Fascinating story in Fortune about how Staples could be facing some tough years ahead, for a number of reasons. For one thing, its core business - office supplies, especially paper - has been severely affected by the recession. Much of the copying and print services business has migrated to fedEx/Kinko's. At the same time, many of the products it sells - both instore and online - also are sold by Amazon, which puts it into direct conflict with a powerful and aggressive competitor.

    And it gets worse: "Amazon just bought one of the last hopes for Staples to gain efficiency in its distribution centers: Kiva Systems. Kiva makes the robots that bring 200% to 400% efficiency gains to pick-pack and ship operations. Now that Amazon owns Kiva, it can control pricing of these robots and limit their upside impact at Staples ... Amazon will probably not make any immediate move on this front to squeeze Staples. Yet, it surely will keep the best distribution center technology for itself even as Staples will now pay Amazon for last year's models."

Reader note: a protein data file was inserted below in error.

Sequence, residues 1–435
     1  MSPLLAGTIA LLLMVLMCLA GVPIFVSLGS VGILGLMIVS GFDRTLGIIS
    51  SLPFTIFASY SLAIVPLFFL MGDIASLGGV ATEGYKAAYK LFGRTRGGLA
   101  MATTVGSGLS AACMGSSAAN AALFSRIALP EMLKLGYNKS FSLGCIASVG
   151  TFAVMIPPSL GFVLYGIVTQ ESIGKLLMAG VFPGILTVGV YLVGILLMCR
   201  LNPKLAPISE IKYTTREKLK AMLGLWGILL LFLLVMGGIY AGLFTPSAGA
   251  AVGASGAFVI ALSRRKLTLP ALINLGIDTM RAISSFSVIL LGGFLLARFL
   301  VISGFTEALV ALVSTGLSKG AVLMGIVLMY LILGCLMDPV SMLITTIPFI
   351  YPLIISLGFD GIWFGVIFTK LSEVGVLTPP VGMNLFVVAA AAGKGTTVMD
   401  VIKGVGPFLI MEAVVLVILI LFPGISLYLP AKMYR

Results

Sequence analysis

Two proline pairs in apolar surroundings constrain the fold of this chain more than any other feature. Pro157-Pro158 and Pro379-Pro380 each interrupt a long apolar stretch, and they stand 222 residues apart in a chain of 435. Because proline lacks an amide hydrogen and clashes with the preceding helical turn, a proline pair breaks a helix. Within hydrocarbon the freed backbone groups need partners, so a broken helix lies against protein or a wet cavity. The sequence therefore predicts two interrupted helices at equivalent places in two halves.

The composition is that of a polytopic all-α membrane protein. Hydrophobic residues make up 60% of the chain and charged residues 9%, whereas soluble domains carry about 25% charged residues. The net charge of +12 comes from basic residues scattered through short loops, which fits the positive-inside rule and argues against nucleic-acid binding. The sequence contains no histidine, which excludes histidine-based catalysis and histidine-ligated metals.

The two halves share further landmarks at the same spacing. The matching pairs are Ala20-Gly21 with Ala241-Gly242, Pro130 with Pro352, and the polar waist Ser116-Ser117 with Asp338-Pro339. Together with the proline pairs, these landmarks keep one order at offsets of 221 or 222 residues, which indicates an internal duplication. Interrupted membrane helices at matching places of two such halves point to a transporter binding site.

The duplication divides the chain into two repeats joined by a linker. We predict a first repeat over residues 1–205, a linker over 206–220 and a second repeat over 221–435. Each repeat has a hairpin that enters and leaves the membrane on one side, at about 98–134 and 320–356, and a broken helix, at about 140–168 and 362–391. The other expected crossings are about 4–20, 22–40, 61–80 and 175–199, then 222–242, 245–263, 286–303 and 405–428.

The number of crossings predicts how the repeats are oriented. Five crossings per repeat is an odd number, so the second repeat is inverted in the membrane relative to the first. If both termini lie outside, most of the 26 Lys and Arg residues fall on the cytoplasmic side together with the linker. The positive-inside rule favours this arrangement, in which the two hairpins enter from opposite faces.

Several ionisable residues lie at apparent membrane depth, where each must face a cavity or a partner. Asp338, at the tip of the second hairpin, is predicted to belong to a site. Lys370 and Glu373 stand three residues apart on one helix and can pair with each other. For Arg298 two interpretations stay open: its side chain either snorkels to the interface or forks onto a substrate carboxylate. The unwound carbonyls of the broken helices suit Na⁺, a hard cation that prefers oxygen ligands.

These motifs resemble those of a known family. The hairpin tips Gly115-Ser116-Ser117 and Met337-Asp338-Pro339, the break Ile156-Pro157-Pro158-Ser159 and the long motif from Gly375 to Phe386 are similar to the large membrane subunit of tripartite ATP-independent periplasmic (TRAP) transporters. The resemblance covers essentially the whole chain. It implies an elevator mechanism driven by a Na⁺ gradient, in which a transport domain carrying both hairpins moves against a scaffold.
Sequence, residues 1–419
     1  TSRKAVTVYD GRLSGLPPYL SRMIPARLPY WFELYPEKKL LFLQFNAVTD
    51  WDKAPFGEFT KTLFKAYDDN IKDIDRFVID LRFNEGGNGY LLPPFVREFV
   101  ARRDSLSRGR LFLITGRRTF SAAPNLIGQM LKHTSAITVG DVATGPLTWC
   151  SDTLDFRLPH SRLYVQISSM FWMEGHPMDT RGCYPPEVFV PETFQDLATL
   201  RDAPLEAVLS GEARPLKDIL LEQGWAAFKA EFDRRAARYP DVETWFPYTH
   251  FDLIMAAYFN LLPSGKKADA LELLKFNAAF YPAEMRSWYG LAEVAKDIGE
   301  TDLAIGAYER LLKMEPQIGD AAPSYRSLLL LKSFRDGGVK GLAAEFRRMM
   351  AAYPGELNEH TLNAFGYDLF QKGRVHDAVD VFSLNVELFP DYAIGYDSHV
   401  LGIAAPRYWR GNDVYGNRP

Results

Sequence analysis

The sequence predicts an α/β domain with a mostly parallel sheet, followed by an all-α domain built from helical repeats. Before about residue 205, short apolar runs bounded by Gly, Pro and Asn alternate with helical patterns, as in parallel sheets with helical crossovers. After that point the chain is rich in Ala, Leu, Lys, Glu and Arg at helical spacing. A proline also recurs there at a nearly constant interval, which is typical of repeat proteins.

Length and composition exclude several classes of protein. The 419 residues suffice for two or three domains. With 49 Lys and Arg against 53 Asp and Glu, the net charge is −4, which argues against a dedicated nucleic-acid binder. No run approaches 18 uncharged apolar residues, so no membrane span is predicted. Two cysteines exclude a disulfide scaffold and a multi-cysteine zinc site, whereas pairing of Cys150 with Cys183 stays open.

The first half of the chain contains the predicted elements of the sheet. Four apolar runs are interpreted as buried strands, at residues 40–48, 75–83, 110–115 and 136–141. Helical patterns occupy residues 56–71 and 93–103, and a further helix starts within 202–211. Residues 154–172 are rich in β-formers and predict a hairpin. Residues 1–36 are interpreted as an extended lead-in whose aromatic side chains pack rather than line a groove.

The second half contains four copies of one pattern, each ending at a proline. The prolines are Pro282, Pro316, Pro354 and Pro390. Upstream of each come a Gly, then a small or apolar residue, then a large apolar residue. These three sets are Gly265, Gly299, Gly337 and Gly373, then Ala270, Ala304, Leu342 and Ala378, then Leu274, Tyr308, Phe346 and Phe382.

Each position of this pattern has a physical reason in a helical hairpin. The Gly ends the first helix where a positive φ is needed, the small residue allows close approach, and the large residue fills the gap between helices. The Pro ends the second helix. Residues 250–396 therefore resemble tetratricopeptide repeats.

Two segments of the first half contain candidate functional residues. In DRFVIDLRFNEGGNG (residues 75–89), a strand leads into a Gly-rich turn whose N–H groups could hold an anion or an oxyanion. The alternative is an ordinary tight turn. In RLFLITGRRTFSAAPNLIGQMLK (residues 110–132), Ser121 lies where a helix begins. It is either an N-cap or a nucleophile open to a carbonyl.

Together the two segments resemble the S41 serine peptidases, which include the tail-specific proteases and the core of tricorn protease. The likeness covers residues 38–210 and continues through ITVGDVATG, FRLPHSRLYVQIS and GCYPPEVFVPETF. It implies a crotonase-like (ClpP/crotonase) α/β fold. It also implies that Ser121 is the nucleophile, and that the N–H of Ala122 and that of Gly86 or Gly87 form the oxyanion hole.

The story suggests that Staples may have to move out of the commodity business and find ways to differentiate itself. The mission of Staples has long been "to be the best office supply company in the world," Fortune writes. "That is a misguided goal in today's times. Instead, Staples should immediately leverage its corporate business and transition to services and value-added products in the way that IBM did."
    KC's View:
    No matter what kind of retailer you are, you have to wake up in the morning anticipating change, embracing change, and trying to figure out how you are going to change your business in such a way that it will rock the shopper's world (in a positive way) and the competition's world (in a negative way).

    Published on: August 9, 2012

    Interesting piece in the Los Angeles Times that starts with the premise that Trader Joe's may be the country's most innovative supermarket because it is "sensitive to the politics of the plate while also keeping its prices low."

    However, the Times writes, there are two new concepts that could usurp Trader Joe's position - at least as it relates to having healthy products, a sustainability-friendly image, and decent prices: